The opinion of the court was delivered by: Judge Sylvia H. Rambo
Before the court is Defendants' motion to set aside entry of default. (Doc. 30.) The court entered default after Defendants failed to respond to Plaintiff's complaint brought under 42 U.S.C. § 1983, which alleged violations of Plaintiff's rights under the Eighth and Fourteenth Amendments to the United States Constitution. For the reasons that follow, the court will grant Defendants' motion.
I. Background: Facts and Procedural History
Plaintiff, Brian E. Griffin, an inmate currently housed at the State Correctional Institution in Huntingdon, Pennsylvania ("SCI-Huntingdon") filed the instant complaint, pro se, alleging violations of his rights under the Eighth and Fourteenth Amendments to the United States Constitution. (Doc. 30.) According to Plaintiff, (1) SCI-Huntingdon lacks an adequate ventilation system, which causes, among other things, the spread of infectious diseases, (2) a power house emits black smoke into "the yard" that causes coughing and choking, (3) "general population" is overcrowded and infested with rodents, and (4) the cells in the Restricted Housing Unit are "filthy" and "freezing." (Id. at § 4 ¶¶ 1--6.)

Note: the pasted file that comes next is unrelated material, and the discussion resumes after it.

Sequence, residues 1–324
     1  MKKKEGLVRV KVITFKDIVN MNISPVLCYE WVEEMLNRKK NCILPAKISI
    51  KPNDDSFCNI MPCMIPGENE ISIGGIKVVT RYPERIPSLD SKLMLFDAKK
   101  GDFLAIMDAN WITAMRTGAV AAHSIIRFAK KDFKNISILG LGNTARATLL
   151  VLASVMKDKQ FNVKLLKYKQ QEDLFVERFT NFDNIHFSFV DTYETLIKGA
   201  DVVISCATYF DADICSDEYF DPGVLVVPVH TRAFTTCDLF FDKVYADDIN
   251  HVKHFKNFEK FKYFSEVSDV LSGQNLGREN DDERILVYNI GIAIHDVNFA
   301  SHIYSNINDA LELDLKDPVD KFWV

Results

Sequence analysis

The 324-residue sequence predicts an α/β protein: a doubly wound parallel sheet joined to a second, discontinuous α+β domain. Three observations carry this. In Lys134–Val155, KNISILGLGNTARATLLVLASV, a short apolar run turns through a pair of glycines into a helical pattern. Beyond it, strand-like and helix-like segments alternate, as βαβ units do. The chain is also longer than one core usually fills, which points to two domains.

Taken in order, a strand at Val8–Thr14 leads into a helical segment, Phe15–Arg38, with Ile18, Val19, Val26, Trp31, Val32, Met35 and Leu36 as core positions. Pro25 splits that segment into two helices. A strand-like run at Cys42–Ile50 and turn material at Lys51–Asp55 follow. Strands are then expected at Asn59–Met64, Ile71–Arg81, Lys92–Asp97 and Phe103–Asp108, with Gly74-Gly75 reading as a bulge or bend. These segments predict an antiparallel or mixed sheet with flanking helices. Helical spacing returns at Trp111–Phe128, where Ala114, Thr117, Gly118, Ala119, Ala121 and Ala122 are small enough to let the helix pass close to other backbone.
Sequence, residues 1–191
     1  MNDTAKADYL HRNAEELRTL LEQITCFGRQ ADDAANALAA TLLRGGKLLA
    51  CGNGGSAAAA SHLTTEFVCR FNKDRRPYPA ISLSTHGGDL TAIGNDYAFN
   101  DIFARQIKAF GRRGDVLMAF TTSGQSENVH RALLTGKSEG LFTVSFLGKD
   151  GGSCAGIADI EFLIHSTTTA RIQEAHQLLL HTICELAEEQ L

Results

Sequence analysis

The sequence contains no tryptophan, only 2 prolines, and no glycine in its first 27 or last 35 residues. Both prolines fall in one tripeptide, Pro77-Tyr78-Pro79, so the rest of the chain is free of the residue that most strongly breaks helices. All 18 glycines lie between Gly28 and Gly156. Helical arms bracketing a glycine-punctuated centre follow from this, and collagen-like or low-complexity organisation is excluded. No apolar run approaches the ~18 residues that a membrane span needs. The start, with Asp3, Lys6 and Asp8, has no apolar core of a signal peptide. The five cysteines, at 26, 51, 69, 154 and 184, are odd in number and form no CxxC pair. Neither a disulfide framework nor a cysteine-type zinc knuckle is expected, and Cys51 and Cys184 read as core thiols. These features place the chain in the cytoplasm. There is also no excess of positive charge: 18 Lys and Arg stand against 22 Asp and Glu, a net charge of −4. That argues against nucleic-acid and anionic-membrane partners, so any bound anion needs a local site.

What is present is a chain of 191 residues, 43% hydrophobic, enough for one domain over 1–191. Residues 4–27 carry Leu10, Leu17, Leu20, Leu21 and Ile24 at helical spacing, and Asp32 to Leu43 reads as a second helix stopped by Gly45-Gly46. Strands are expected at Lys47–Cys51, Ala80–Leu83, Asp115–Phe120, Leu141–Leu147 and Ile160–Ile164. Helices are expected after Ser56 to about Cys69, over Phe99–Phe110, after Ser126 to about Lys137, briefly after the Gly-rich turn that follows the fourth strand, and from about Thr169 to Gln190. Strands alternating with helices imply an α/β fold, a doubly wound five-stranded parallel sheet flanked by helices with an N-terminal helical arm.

Plaintiff, having exhausted available state remedies, filed the instant complaint on June 12, 2008, seeking damages and an injunction ordering Defendants to "correct the conditions at SCI-Huntingdon, or transfer [P]laintiff closer to home if conditions are not corrected." (Id. at § 5 ¶¶ 1--3.) Defendants failed to file an answer or other responsive pleading, and the court entered default on December 2, 2008. (Doc. 29.) On December 3, 2008, Defendants filed a motion to set aside default along with a supporting brief. (Docs. 30--31.) Plaintiff filed a brief in opposition on December 17, 2008. (Doc. 37.) Defendants opted not to file a reply brief. Accordingly, the motion is now ripe for disposition.
Defendants urge the court to set aside the entry of default. In deciding whether to set aside an entry of default, courts consider several factors, including (1) whether lifting the default would prejudice the plaintiff, (2) whether the defendant has a meritorious defense, and (3) whether the defaulting defendant's conduct is excusable or culpable. Emcasco Ins. Co. v. Sambrick, 834 F.2d 71, 73--74 (3d Cir. 1987); United States v. $55,518.05 in U.S. Currency, 728 F.2d 192, 195 (3d Cir. 1984). The Third Circuit "has often emphasized that it does not favor defaults, and that in a close case doubts should be resolved in favor of setting aside the default and obtaining a decision on the merits." Farnese v. Bagnasco, 687 F.2d 761, 764 (3d Cir. 1982). As one court has elucidated: "If there is any doubt as to whether the default should be set aside, the court should err on the side of setting aside the default and reaching the merits of the case." Accu-Weather, Inc. v. Reuters Ltd., 779 F. Supp. 801, 803 (M.D. Pa. 1991) (citing Zawadski de Bueno v. Bueno Castro, 822 F.2d 416, 420 (3d Cir. 1987). As described below, these factors lean in favor of granting Defendants' motion to set aside the entry of default.
A. Prejudice to Plaintiff